Hemorrhagic complications may occur during anticoagulant therapy, but clinical studies indicate that FXa-directed anticoagulants are not inferior to vitamin K antagonists in preventing thrombosis while decreasing the incidence of intracranial bleeding. Anti-hemophilic FVIII has a central role in hemostasis, thus we hypothesized that elucidating effects of FXa-directed anticoagulants on FVIII function could advance understanding of mechanisms differentiating hemostasis and thrombosis. Currently, FVIII is thought to be activated by limited amounts of thrombin (FIIa) initially produced by FXa generated by the tissue factor (TF)-FVIIa complex. Activated FVIII (FVIIIa) then amplifies FXa generation through intrinsic tenase (FVIIIa-FIXa) complex, leading to more FIIa production. We now propose an alternative mechanism of FVIII activation resistant to the TF pathway inhibitor (TFPI) and direct anti-FXa anticoagulants. In this process, nascent FXa generated by the TF-FVIIa complex generates FVIIIa independently of FIIa feedback activation. We first verified whether TF-dependent FVIII activation by FXa can promote FIIa generation by FIXa-FVIIIa in human platelet-rich plasma (PRP). Addition of relipidated TF (0.15 pM) into PRP synergistically enhanced FIIa production by FIXa (20 pM) in a process requiring both FVIIa and FVIII. Synergistic FIIa generation was blocked by an anti-TF monoclonal antibody (MoAb) and the blockade was reversed by FVIIIa, supporting the concept that FVIII activation is a key TF-dependent function in the process. We further tested the hypothesis in vivo using a ferric chloride-induced mouse thrombosis model. Concurrent administration of anti-FXI and anti-TF MoAbs at individually ineffective doses markedly reduced fibrin deposition onto the lesion, suggesting that TF and contact phase (CP)-initiated pathways cooperate in generating coagulation proteases leading to thrombosis. Infusion of FVIIIa, but not FVIII, by-passed the inhibitory effect of the anti-TF MoAb, but full FXI inhibition still prevented thrombosis, in agreement with the concept FVIII activation in vivo is a TF-dependent function. We next evaluated whether the TF pathway can generate FVIIIa in reactions with purified components including FVIII, FX, FV and FII in which relipidated TF (50 pM) provided a limiting phospholipid surface. Addition of FIXa (10 nM) with FVIIa (200 pM) synergistically increased FXa generation even when the thrombin inhibitor dansylarginine N-(3-ethyl-1,5-pentanediyl)amide (DAPA) was added or wild-type FII was replaced by the catalytically inactive FII S195A mutant. TF-FVIIa-induced FVIII activation was reduced, but not abolished, by DAPA. Thus, TF-FVIIa-mediated FVIII activation by FXa is sufficient for productive FVIIIa-FIXa complex assembly even without FIIa feedback activation. TFPI/protein S and antithrombin/pentasaccharide did not prevent FIIa-independent but inhibited FIIa-dependent FVIIIa generation, indicating that the newly discovered FIIa-independent functional link between TF and intrinsic pathways escapes control by physiologic inhibitors. To verify that FVIII activation is a distinct function of FXa possibly still assembled within the TF-FVIIa complex, we showed that the nematode anticoagulant protein (NAP) c2-stabilized complex of FXa, TF and catalytically inactive FVIIa (S195A) - in which FXa is the only active protease - but not free FXa with NAPc2, generated FVIIIa even in the presence of physiologic TFPI inhibition. At therapeutic concentrations, the FXa-directed anticoagulants, rivaroxaban and apixaban, moderately inhibited FVIII activation by nascent FXa, while both blocked FVIII activation by free and RussellÕs viper venom-activated FXa, indicating resistance of nascent FXa-mediated FVIIIa generation also to pharmacologic FXa inhibition. Inefficient inhibition of FVIII activation by FXa anticoagulants allowed FVIIIa/FIXa-dependent thrombin production even under TFPI control. In conclusion, persistent FVIII activation preserving hemostasis could explain why the antithrombotic efficacy of FXa inhibitors is associated with a relatively low risk of bleeding complications. Our findings provide new perspectives for designing antithrombotic intervention with lesser anti-hemostatic effects as well as for personalized evaluation of bleeding risk during anticoagulant therapy.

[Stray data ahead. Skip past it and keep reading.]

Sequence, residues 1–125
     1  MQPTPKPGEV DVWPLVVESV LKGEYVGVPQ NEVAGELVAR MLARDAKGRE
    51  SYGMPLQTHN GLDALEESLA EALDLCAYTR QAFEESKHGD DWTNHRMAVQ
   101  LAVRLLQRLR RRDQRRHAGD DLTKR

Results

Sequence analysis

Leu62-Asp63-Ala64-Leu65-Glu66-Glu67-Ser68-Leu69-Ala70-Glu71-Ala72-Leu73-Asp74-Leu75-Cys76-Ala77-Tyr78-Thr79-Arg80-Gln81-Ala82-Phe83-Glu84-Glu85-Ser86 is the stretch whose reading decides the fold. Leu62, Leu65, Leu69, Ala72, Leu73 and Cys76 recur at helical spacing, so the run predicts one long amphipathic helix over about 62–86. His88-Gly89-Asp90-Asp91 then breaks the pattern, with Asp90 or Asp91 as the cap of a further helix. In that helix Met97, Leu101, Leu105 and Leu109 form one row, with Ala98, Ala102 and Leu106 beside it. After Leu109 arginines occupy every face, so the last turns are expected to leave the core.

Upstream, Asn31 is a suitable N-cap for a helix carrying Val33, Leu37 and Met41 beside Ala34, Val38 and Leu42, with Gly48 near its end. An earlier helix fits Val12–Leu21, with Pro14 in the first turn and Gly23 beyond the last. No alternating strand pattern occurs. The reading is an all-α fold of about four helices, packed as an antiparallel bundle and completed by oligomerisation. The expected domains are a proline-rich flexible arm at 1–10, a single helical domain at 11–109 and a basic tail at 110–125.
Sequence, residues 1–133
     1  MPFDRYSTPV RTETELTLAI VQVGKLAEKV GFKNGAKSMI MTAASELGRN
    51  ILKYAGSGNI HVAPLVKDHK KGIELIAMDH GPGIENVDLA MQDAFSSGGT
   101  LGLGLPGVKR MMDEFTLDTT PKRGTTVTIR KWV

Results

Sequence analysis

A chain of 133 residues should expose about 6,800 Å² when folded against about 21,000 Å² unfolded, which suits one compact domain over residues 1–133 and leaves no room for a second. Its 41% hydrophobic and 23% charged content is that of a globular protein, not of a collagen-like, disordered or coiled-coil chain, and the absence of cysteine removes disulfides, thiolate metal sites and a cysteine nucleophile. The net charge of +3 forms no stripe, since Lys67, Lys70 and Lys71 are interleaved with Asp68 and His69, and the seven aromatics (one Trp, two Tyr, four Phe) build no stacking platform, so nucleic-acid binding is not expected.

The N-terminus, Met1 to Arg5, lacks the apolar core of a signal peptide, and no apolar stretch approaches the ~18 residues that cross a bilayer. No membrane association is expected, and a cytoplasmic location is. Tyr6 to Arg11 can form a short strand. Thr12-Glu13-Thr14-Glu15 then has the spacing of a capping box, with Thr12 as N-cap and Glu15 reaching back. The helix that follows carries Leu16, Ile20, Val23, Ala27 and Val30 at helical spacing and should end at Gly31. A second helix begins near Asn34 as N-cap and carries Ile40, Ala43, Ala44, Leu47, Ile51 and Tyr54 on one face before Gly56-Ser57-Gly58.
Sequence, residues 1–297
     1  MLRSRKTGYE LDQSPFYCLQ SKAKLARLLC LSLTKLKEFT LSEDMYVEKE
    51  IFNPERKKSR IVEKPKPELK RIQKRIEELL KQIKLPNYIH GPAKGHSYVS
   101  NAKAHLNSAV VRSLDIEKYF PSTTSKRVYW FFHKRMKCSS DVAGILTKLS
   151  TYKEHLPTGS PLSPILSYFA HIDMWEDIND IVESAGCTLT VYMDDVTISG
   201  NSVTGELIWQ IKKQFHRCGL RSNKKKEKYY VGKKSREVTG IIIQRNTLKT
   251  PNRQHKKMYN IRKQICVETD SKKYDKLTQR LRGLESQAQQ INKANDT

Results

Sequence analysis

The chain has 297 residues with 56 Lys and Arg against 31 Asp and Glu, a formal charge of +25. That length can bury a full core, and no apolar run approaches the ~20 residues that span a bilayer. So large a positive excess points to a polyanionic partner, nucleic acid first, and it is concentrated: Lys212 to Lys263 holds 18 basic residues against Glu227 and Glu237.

Gale:University of California, San Diego: University of California, San Diego Patents & Royalties. Gruber:Aronora, Inc: Employment, Equity Ownership, Membership on an entity's Board of Directors or advisory committees. Petersen:NovoNordisk A/S: Employment.

Author notes


Asterisk with author names denotes non-ASH members.